It is now common to see children as young as those at primary school going age roaming the streets and dumpsites in the Kanifing Municipality scavenging for scrap metals (commonly called "Ferrai" its French name) to sell in order to and earn money for different purposes. The trade in scrap metals is attracting these young children,some of whom are going to school, to wander about and traverse the area in search of any thrown metal that they can lay their hands on to sell to ready buyers at a price of D3.00 (Three Dalasi) per kilo. The children are not the only ones in the business of scavenging for scrap metals as other unemployed able bodied young immigrants with wheelbarrows and scales also look for these objects to buy and sell to those involved in exporting them.
A small boy, name withheld, who is no longer going to school, said he started scavenging for scrap metals for almost three years now. He said he was attending Upper Basic School up to Grade 8 but was asked to drop out by the father who said he could no longer afford the cost . He said he is living with his two parents and siblings. He said the father is a tailor but that he is always complaining that customers are not coming to give him work. He said the father has told him that with his meager earnings his main priority is how to get money to pay for house rent and feed the family and not his education. He said because of the endless complaints from his father he has decided to engage in the scavenging for scrap metals to earn something to bring home to assist his parents in the upkeep of the family.
According to him, he normally gets one hundred to one hundred and fifty dalasi a day which, he said, he divides into three parts; one part goes to his father, one to his mother and the other he keeps for himself. He expressed his desire to continue with his education if he is offered a scholarship as the little money he gets from the scrap metal trade is not sufficient to support both his family and education. He also expressed his misgivings in learning a technical skill in the local workshops, claiming that the young apprentices or trainees are always mistreated by the informal adult tutors and workshop owners.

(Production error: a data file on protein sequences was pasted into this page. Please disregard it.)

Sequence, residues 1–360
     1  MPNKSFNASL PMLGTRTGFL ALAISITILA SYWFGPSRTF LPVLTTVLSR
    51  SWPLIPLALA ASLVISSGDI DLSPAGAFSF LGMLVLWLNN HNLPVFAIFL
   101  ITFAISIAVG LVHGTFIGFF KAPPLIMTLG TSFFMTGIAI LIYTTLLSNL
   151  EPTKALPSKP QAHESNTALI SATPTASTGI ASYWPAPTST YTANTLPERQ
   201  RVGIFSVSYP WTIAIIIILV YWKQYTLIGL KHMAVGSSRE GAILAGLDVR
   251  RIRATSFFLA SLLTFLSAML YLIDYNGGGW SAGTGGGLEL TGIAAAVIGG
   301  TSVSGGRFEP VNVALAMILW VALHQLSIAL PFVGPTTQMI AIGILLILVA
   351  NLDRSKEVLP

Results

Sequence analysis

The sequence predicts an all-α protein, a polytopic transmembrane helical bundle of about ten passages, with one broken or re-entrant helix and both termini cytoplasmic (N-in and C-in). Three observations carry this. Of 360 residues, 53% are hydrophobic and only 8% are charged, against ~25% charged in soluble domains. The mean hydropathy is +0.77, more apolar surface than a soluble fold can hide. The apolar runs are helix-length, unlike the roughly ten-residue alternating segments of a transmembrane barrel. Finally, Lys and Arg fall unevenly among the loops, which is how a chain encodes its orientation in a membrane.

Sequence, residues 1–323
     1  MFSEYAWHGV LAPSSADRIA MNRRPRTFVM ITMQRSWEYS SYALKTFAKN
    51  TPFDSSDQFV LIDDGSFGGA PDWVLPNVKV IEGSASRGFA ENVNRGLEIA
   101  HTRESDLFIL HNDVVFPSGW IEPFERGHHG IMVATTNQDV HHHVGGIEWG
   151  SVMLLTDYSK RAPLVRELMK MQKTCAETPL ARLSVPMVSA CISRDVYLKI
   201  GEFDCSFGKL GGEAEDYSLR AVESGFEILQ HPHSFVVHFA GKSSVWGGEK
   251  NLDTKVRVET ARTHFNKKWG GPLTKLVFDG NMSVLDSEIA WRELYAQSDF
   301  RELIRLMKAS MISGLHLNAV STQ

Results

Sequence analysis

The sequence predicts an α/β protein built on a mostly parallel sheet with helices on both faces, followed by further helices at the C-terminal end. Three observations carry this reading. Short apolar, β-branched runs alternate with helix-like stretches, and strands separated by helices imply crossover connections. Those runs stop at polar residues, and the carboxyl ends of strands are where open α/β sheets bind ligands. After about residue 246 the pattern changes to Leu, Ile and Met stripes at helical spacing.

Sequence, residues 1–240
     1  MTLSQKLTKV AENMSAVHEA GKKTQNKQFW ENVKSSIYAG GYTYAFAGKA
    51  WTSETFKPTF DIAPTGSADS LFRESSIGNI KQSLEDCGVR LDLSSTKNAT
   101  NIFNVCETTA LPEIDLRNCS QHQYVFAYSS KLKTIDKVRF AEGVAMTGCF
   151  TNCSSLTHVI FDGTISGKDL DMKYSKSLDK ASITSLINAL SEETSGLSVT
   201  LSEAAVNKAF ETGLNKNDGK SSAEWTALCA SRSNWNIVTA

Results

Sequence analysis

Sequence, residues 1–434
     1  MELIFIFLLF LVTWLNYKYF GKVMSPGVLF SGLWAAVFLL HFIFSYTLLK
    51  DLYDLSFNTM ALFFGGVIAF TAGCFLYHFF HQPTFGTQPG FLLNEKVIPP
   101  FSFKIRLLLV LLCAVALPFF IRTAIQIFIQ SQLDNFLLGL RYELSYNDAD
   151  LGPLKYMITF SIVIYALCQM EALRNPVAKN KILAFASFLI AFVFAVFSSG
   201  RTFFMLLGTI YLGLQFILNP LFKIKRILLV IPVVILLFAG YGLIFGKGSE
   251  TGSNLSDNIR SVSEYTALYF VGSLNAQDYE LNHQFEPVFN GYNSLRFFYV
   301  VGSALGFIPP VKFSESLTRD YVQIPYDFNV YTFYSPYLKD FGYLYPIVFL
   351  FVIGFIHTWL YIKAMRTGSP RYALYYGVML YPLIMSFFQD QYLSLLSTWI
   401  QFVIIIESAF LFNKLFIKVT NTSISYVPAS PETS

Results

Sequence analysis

Alieu Ceesay, a young boy and resident of Bundung Jolakunda, said he has never been to a formal school but has gone to a local Quranic school called 'Daara'. He said he did not continue his Quranic education because of the treatment he was subjected to by the 'Oustass' or Quranic teacher who was always beating him. He said when he left the 'Daara' he statted having endless problems with his father who did not approve of his discontinuation of Quranic education and who became angry and had stopped doing things for him. He said it was then that he started scavenging for scrap metals and plastic bottles which have a market. According to him, the price for a kilo of scrap metal is D3.00 (Three Dalasi) and while the bottles cost D2 or D3 depending on their sizes and that the bigger 20 litre gallon can fetch up to D15. He said now his relation with the father has normalized because he supports him (father) with money towards the upkeep of the family and that he always showers praises on him and as well as urges him to continue his Quranic education.
Musa Barry, is an 18-year-old young man who lives in Nemakunku in Kombo North, Western Region. He was found at the Bakoteh Dump-site also scavenging for scrap metals. According to him, he has been engaged in this since last year. He said he was prompted into this activity to earn money in order to support his mother who is a single parent and his four young siblings. As the eldest and only son in their family, Musa said his father who is said to be in the southern Senegalese region of Casamance has abandoned them for the past three years and that the burden of maintaining the family squarely rests on his mum who sells fruits and nuts on the roadside. He said in order to alleviate the burden on his mother he has decided to do something legal to earn money to supplement the family income. He said none of his four sisters are going to school. He said the younger ones are in the 'Daara' to learn the Quran and bigger ones are at home to help in the domestic chores, adding that all of them help their mother in turns to sell fruits on plates.
Musa expressed his wish to see his young sisters going to school but that it is only poverty that is depriving them of the opportunity to acquire education to improve their lot. He said the money he earns from the scrap metal trade would not be sufficient to cater for both the upkeep of the family and the education of her sisters.